My rating: 4 of 5 stars

It's impossible to summarize this unique (and by unique I mean there's only one of them; I shouldn't have to say that, but I do) book, but here is an attempt to summarize it anyway:

A hapless but amiable 18th-century gentleman is so given to digressions that he hilariously fails to write his own autobiography, being too busy talking about his father, his beloved uncle, the local clergyman, the backstory of how he was born, his uncle's obsession with fortification, his father's crackpot theories about everything, and various minor matters arising from the foregoing, not to mention satirizing contemporary medicine, theology, and life in general, and at one point narrating his trip into France as an adult, so that (apart from the trip into France) he barely appears onstage in his own "Life" at all, and we never even get to find out for sure who his "dear Jenny" is or what their relationship consists of.

Because the author had an 18th-century gentleman's education, and I have a modern one, a lot of the detail goes over my head; I have small Latin and not a lot more Greek, and I haven't read most of the books he had read (and from which he apparently quotes freely without attribution at times, in contexts which recast the significance of the words in a satirical manner). But the enjoyment I do get is from the characters, including the character of Tristram, who, even if he's almost entirely absent as a subject of autobiography, is extremely present as a narrator. Uncle Toby is portrayed with tremendous affection, and his servant Trim with almost as much, as is Parson Yorick; all three are the kind of genuinely good-hearted and generous, if sometimes foolish, men we also encounter in the works of Henry Fielding. Tristram's parents are depicted brilliantly: his father, who never has the same opinion as anyone else on anything, but always comes up with his own nonsense and is incapable of being practical, and his mother, who infuriates her husband by always placidly agreeing with whatever he says, no matter how it contradicts what he said immediately before, and never even asking him to explain things she doesn't understand. It's a fun cast to spend time with.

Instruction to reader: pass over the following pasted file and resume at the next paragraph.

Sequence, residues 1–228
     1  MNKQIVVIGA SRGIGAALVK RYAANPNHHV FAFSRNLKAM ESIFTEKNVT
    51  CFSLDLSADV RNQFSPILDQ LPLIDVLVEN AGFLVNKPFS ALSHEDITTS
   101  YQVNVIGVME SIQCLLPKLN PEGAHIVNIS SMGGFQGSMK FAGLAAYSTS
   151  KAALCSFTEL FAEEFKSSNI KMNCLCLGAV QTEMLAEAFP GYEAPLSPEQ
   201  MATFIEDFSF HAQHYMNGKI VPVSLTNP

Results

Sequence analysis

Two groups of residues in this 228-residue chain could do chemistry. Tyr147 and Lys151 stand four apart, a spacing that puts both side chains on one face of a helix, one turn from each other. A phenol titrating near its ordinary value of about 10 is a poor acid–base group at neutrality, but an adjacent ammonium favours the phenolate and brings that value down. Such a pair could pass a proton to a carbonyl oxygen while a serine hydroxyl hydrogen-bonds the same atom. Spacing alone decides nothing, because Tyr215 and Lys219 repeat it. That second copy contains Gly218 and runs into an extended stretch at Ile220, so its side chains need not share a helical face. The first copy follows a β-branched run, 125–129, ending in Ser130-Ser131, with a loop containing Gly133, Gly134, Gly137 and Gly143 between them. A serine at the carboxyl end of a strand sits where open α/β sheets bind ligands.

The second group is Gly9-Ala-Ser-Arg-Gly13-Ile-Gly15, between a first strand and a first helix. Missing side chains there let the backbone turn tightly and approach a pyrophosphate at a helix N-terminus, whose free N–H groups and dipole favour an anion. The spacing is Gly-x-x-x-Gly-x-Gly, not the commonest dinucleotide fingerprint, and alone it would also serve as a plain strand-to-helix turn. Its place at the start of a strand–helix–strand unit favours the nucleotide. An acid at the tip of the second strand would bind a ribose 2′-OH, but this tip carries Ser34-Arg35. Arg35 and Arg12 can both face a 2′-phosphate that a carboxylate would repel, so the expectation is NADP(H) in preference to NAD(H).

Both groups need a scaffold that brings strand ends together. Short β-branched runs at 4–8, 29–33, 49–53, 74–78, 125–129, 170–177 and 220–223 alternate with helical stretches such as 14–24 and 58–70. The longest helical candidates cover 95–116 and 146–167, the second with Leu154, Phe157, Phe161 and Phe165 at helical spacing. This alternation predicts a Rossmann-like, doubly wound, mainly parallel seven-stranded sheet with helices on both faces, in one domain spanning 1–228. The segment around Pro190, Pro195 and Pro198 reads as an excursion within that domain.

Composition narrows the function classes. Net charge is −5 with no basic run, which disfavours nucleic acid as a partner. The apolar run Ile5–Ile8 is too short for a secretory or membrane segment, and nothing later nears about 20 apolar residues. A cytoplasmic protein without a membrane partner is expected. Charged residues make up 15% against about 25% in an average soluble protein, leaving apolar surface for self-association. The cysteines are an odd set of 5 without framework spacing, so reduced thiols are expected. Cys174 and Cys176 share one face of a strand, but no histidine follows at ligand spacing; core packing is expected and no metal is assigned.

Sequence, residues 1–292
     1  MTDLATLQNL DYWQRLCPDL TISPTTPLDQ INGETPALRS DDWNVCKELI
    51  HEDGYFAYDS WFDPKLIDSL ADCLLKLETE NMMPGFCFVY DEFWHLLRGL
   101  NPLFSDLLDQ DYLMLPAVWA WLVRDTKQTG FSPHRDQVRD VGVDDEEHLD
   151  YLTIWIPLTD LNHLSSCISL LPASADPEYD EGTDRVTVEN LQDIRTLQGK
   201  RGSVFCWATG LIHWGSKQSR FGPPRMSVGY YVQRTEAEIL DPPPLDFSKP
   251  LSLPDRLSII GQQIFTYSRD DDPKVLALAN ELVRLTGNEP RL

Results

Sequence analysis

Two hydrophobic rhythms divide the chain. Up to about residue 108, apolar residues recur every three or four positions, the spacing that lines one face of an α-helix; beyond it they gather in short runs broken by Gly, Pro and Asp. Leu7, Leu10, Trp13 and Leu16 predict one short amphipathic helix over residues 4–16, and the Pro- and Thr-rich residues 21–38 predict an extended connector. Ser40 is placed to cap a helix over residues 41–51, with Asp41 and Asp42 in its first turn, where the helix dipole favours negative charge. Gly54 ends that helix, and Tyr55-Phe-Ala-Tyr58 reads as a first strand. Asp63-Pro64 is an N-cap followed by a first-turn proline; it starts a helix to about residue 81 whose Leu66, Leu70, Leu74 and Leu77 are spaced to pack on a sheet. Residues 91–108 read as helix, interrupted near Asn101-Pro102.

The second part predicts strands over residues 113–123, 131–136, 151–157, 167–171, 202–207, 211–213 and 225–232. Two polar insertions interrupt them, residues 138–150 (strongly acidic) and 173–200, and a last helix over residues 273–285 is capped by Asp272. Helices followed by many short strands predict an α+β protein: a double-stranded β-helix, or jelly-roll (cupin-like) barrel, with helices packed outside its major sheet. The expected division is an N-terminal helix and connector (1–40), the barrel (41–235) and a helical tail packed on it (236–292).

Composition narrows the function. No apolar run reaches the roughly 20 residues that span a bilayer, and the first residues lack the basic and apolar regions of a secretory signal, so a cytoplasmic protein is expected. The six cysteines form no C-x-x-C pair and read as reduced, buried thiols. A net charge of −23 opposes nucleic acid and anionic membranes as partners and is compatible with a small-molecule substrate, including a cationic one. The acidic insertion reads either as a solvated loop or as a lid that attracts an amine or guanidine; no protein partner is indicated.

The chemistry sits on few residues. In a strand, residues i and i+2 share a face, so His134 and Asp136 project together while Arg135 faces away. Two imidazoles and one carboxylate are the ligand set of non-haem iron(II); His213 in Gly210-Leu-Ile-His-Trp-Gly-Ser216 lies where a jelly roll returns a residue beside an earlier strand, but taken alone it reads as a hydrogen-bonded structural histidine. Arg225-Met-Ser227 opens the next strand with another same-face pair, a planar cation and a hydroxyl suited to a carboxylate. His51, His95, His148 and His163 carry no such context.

Some of the nonsense, especially later on, did become a little tedious to me (it might have worked better for its original audience). But I'm glad I re-read it; I read it first in my father's set of Great Books of the Western World when I was a teenager (so, about 40 years ago), and didn't remember much about it except that I'd enjoyed it and it was exuberant and odd. I don't doubt that I understood even less of it then than I did this time round, but it jumps around so much that you don't get a coherent sense of very much anyway, so that is almost a feature rather than a fault.

And there, in further imitation of the book, I stop abruptly.